I posit that the goal to affect the raw stats doesn't necessarily mean more engagement.

On these sites, when I keep scrolling to make sure I've finished the article, the URL changes. I haven't actively gone to another page. Whether or not I choose to read the next article, this is counted as retention. I don't count as a bounce simply because I scrolled, not because I have started to read (let alone finished) the next article.

A couple examples of this in action (in addition to the opening image)…

Animation showing the URL changing (when the yellow arrow appears) as I scroll down the page at the Time site.
Animation showing the URL changing as I scroll down the page at the Forbes site.

We should be wary of these engagement or retention claims. Measurements shouldn't be about solely bounce rate, and minor jumps in engagement time are also a poor proxy. Perhaps a bounce should count unless the user makes it to the end of the next article. Perhaps retention should only count if the user's time on the site equals or exceeds twice the average time it takes to read an article.

As always, unless someone who manages a content site with infinite scroll (that isn't a stream-based site like Twitter or Facebook) can show data to prove infinite scroll genuinely leads to greater retention and engagement, I won't trust the measuring stick. Neither should you when making a decision about whether or not to implement infinite scroll.


Update: May 18, 2015

USA Today decided to ditch its infinite scroll, as reported by Digiday and its infinite scroll:

FTW’s implementation of infinite scroll, which displays a never-ending lists of article headlines below its articles, has been a major drag on the site’s mobile page loading times, so it had to go.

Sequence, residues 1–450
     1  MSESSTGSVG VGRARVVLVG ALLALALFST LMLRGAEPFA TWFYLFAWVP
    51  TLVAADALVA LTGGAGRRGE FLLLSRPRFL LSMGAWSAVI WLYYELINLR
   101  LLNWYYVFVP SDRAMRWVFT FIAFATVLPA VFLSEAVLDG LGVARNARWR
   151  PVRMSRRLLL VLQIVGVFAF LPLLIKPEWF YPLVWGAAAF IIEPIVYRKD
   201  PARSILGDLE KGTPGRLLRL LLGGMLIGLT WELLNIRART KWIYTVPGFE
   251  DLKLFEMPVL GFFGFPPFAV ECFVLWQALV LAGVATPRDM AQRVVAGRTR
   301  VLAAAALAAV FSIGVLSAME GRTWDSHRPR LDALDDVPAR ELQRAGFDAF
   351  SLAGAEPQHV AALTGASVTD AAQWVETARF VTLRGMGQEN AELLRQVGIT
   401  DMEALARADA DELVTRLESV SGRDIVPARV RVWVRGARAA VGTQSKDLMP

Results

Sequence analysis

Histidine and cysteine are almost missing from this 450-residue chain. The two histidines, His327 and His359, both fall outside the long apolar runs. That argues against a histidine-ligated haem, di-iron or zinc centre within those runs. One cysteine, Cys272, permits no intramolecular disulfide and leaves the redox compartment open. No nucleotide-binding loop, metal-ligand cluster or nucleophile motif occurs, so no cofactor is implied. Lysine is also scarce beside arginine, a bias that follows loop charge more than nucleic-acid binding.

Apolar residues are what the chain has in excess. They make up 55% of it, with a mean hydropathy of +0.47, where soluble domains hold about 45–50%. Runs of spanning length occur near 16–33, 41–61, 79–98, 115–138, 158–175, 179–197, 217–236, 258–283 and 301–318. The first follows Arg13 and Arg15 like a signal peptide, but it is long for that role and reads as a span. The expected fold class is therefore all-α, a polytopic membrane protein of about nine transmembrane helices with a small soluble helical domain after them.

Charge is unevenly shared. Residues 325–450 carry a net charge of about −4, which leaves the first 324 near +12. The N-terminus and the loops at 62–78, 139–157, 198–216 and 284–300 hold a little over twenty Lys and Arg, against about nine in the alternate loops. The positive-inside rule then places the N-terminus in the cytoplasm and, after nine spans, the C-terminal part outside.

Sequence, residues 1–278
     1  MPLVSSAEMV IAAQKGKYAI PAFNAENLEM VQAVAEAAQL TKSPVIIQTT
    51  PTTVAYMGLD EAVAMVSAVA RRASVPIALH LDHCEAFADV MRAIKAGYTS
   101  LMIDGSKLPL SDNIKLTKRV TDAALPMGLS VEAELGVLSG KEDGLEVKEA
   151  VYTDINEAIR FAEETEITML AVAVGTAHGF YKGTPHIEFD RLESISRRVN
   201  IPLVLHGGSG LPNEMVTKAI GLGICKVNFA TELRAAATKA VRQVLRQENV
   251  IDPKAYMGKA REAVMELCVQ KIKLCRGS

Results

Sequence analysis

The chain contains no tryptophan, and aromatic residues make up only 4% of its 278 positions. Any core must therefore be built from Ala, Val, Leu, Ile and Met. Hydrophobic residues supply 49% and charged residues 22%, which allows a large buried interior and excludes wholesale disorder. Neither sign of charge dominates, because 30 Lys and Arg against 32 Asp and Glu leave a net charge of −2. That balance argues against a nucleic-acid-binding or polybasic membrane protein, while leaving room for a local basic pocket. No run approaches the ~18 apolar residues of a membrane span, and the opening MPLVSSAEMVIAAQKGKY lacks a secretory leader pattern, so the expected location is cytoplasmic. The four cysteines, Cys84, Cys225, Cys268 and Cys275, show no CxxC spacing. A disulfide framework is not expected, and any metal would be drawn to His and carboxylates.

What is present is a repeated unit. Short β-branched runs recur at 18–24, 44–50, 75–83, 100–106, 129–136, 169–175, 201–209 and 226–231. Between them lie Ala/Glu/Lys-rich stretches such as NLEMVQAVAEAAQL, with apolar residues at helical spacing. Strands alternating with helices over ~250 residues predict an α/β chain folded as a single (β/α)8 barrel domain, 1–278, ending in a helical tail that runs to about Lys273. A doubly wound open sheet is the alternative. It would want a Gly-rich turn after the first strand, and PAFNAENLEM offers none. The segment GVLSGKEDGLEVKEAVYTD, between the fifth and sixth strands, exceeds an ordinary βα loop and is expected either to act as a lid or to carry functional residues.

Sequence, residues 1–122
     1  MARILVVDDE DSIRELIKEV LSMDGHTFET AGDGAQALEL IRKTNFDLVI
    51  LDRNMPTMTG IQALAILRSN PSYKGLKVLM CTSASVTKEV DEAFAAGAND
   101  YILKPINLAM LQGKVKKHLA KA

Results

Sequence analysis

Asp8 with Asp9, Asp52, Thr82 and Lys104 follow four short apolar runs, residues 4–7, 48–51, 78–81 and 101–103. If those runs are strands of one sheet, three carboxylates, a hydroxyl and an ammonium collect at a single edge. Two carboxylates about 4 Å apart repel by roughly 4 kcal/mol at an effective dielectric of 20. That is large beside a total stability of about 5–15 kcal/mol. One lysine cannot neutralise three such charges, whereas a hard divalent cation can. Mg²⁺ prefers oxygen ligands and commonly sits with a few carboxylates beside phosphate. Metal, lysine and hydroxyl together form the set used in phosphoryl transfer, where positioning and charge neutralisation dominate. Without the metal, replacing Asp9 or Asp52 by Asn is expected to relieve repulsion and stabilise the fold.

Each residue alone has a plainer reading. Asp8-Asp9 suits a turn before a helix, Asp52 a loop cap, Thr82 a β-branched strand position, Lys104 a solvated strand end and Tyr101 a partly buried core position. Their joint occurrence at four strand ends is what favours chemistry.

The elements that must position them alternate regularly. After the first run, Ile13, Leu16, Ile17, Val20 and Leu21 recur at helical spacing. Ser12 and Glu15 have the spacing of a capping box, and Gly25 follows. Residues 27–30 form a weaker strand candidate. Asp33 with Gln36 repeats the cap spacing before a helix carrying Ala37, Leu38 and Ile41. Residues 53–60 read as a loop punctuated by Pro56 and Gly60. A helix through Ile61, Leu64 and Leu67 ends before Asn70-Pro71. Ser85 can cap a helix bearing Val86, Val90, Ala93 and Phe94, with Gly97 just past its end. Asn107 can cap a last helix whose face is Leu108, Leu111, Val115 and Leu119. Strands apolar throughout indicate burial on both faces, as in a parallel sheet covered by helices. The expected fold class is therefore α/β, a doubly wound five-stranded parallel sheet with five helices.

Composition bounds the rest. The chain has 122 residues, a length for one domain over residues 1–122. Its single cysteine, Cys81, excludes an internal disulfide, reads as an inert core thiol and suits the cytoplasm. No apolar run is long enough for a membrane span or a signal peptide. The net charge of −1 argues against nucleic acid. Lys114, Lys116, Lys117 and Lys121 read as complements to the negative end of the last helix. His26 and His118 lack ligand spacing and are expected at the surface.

Another Update on May 18

Smashing Magazine asks the question, linking to this post:

Wednesday, April 22, 2015

On the Mis-Named Mobilegeddon

If you are a web pro then it is likely that you heard that Google's search results were going to change based on how mobile-friendly a site is (you probably heard a couple months ago even). This change took effect yesterday.

As with almost all things in the tech world that affect clients, the press hit yesterday as well, and today clients are looking for more information. Conveniently, our clients are golden as we went all-responsive years ago.

If you already built sites to be responsive, ideally mobile-first, then you needn't worry. Your clients have probably already noticed that the text "mobile-friendly" appears in front of the results for their sites in Google and have been comforted as a result.

If you have not built sites to be responsive, or have had no mobile strategy whatsoever, then you may be among those calling it, or seeing it referred to as, mobilegeddon. A terrible name that clearly comes from FUD (Fear, Uncertainty and Doubt).

If you are someone who relies on a firm to build and/or manage your site, then you should also beware the SEO snake oil salesman who may knock on your door and build on that very FUD to sell you things you don't need.

From Google Webmaster Central

For that latter two cases, I have pulled the first three points from Google's notes on the mobile-friendly (a much better term) update. I recommend reading the whole thing, of course.

1. Will desktop and/or tablet ranking also be affected by this change?

No, this update has no effect on searches from tablets or desktops. It affects searches from mobile devices across all languages and locations.

2. Is it a page-level or site-level mobile ranking boost?

It’s a page-level change. For instance, if ten of your site’s pages are mobile-friendly, but the rest of your pages aren’t, only the ten mobile-friendly pages can be positively impacted.